I absolutely loved the book ‘The Happiness Project’ by Gretchen Rubin. Funny, thought provoking, informative, useful and inspiring, it provided everything I want in a self-help book.
The book charts a year in the life of Rubin as she tries to make herself happier. Along the way, she deals with issues such as ‘is it selfish to want to be happier when you aren’t miserable?’ which highlight how good this book is for the majority of the population. Rubin believes that by becoming more aware of what makes you happy, you can make yourself that bit happier even when times are hard. And by striving to make yourself happier, you are likely improving the lives of those around you too.
When focussing on relationships, the goals of ‘stop nagging’ and ‘stop demanding praise especially when you don’t give it’ spoke to me. Another point of interest was the description of the ‘fundamental attribution error’. This is a psychological phenomenon where we view other people’s actions as reflections of their characters while overlooking the power of situations in influencing their actions. Whereas in with ourselves we recognise the pressures of circumstance. For example, how often do you take someone snapping at you personally, yet expect others to realise that you are snapping just because you are hangry?
This book also reminded me of Barry Schwarz’s ‘paradox of choice’ and the terms ‘satisficer’ and maximiser’. I need to get that book onto my reading list! Since I haven’t read it you can read Rubin writing about it on her blog.
Being Happier is a Challenge
On the very nature of being happy, I found a wealth of insight in Rubin’s discourse. As a person who strives to be optimistic (or a positive realist as I like to call it), yet receives sarcastic criticism for it, I also saw truth in the following observances:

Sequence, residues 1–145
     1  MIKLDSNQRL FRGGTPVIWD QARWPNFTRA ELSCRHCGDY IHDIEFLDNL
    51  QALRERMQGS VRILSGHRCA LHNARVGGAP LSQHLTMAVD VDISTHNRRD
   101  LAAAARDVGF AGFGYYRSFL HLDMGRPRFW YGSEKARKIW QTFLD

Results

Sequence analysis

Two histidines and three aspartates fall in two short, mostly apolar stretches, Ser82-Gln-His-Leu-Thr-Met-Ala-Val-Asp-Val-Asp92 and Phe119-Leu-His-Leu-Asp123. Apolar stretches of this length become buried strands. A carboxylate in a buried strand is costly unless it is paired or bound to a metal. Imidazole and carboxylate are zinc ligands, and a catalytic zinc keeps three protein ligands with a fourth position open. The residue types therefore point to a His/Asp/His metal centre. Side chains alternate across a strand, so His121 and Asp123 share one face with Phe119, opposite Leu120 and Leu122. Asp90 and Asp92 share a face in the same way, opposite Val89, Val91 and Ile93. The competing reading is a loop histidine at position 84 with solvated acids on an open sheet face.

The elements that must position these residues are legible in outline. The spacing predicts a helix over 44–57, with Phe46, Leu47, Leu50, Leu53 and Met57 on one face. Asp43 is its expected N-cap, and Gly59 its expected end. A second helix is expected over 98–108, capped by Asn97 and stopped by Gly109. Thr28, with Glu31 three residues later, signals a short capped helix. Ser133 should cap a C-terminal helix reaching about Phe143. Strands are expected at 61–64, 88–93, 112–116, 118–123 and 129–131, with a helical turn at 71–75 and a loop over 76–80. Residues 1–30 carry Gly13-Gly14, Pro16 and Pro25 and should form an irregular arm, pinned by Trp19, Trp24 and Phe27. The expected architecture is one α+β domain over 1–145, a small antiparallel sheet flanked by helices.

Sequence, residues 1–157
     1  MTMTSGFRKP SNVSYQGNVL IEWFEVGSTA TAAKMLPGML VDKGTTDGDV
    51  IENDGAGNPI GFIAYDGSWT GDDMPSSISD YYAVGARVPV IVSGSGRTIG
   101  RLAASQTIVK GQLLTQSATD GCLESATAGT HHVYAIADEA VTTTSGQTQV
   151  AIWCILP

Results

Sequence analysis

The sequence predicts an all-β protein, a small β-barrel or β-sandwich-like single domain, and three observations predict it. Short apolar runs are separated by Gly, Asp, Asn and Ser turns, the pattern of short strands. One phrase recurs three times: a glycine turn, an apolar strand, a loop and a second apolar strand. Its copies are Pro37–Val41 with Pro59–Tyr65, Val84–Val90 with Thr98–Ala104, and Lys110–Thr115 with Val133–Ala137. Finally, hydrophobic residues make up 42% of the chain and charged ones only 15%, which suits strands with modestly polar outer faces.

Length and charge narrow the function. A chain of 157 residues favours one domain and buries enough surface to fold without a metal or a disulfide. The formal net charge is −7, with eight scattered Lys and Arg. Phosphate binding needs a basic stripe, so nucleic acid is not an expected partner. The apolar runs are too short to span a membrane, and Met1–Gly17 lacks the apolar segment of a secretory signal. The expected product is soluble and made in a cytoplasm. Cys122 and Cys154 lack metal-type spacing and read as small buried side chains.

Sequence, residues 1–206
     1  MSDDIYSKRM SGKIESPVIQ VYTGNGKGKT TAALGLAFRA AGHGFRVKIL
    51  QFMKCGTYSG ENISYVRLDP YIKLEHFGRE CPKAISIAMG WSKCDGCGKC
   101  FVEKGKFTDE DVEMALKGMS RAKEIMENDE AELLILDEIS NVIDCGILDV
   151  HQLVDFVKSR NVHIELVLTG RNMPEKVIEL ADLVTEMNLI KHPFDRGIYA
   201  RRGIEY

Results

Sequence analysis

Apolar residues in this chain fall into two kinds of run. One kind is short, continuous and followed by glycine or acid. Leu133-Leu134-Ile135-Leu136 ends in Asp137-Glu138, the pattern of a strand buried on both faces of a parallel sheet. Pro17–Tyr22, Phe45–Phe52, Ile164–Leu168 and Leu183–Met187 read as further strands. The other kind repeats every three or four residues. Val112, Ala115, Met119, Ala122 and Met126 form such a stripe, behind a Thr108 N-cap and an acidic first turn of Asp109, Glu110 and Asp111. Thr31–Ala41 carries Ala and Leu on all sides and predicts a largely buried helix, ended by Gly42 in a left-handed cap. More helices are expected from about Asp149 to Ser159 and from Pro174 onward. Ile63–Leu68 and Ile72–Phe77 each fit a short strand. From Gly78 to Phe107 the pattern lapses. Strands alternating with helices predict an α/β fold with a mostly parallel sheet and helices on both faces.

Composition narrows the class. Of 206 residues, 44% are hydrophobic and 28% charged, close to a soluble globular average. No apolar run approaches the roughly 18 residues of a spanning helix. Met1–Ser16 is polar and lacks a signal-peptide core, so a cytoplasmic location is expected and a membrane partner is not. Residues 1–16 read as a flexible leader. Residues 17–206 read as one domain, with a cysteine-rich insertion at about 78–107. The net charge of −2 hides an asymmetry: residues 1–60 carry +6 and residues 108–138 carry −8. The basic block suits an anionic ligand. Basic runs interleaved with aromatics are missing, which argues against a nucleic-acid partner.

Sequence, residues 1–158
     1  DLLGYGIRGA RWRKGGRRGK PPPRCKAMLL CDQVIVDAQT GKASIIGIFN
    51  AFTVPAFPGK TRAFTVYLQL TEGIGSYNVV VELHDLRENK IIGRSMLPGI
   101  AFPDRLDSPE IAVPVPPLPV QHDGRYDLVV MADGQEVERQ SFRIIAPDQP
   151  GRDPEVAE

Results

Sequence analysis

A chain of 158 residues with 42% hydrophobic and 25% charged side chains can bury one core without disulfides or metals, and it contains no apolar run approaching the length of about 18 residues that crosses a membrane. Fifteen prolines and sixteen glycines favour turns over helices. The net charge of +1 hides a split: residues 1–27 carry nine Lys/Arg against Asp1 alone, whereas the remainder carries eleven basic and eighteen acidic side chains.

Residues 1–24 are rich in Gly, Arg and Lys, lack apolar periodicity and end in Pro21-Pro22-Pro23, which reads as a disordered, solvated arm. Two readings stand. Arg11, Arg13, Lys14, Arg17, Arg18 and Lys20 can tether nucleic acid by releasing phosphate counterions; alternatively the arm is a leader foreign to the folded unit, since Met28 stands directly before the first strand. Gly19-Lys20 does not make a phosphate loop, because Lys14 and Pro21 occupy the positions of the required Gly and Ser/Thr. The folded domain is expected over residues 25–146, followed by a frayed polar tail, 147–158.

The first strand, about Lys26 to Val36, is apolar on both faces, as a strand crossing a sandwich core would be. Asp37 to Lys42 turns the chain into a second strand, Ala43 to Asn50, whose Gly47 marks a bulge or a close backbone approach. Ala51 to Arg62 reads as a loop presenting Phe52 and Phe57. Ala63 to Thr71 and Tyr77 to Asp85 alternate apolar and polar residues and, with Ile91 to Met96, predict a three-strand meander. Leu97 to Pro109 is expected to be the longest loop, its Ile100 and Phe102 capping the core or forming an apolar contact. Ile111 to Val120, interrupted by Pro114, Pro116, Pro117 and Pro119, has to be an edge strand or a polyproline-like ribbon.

“people cultivate unhappiness as a way to control others. They cling to unhappiness because without it they’d forgo the special consideration that unhappiness secures; the claim to pity and attention.”
“The belief that unhappiness is selfless and happiness is selfish is misguided. It’s more selfless to act happy. It takes energy, generosity and discipline to be unfailingly lighthearted, yet everyone takes the happy person for granted. No one is careful of his feelings or tries to keep his spirits high. He seems self-sufficient; he becomes a cushion for others.” and further, “Because she seemed so happy, they assumed that her behaviour was effortless.”
These points vocalised why I get so frustrated by office moaning every Monday. It creates a mountain for every cheery person to climb each time you meet a colleague in the kitchen. And fitting into the norm of responding that you are ‘not bad’ to every ‘how are you’ can bring the brightest optimist down. I will strive to be more aware of my own language in future to buoy other ‘happy’ people.
Other quotes I liked:
“I think by knowing who we are as people and being ourselves, we can start making the world better.”
I hope that you grab ‘The Happiness Project’ next time you visit the library. If you’ve read it, please share your thoughts, or let me know if there is something else I need to add to my reading list. I’ve just started reading the follow up ‘Happier at Home’ which might be overkill…but I don’t care! Check out the rest of my reading list for other recommendations!